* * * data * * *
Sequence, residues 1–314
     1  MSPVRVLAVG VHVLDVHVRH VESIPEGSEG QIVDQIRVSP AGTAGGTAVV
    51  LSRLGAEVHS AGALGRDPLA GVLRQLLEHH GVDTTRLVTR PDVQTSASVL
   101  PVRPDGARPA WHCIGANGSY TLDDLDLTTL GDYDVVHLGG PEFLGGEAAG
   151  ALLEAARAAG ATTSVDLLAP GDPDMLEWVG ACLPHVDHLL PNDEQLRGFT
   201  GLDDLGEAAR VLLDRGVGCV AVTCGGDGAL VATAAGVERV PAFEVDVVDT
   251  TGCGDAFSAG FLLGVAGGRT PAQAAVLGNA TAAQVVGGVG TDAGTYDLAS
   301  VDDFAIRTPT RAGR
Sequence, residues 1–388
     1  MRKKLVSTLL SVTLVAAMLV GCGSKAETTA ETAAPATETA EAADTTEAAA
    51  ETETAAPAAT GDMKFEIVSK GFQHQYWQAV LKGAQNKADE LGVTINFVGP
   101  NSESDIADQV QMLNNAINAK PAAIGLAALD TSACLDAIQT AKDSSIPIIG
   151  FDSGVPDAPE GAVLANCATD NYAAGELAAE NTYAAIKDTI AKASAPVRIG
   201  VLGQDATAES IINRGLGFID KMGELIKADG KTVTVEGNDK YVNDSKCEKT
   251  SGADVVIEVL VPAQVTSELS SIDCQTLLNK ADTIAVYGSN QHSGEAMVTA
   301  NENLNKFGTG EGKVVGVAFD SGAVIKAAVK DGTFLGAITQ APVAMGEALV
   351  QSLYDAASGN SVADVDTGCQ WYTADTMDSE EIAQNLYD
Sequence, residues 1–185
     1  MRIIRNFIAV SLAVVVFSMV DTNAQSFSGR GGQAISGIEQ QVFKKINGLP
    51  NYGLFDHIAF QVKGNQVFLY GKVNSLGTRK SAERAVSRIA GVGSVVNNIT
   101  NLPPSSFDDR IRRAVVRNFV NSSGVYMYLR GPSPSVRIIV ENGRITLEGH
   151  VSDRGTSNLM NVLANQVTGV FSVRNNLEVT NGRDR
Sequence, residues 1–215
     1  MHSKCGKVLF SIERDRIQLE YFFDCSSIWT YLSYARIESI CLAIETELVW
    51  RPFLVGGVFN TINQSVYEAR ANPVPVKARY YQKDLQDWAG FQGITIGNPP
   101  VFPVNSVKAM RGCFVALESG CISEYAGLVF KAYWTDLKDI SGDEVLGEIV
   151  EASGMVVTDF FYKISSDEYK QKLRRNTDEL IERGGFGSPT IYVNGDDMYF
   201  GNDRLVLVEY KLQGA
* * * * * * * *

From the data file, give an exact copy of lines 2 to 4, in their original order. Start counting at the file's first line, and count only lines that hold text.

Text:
     1  MSPVRVLAVG VHVLDVHVRH VESIPEGSEG QIVDQIRVSP AGTAGGTAVV
    51  LSRLGAEVHS AGALGRDPLA GVLRQLLEHH GVDTTRLVTR PDVQTSASVL
   101  PVRPDGARPA WHCIGANGSY TLDDLDLTTL GDYDVVHLGG PEFLGGEAAG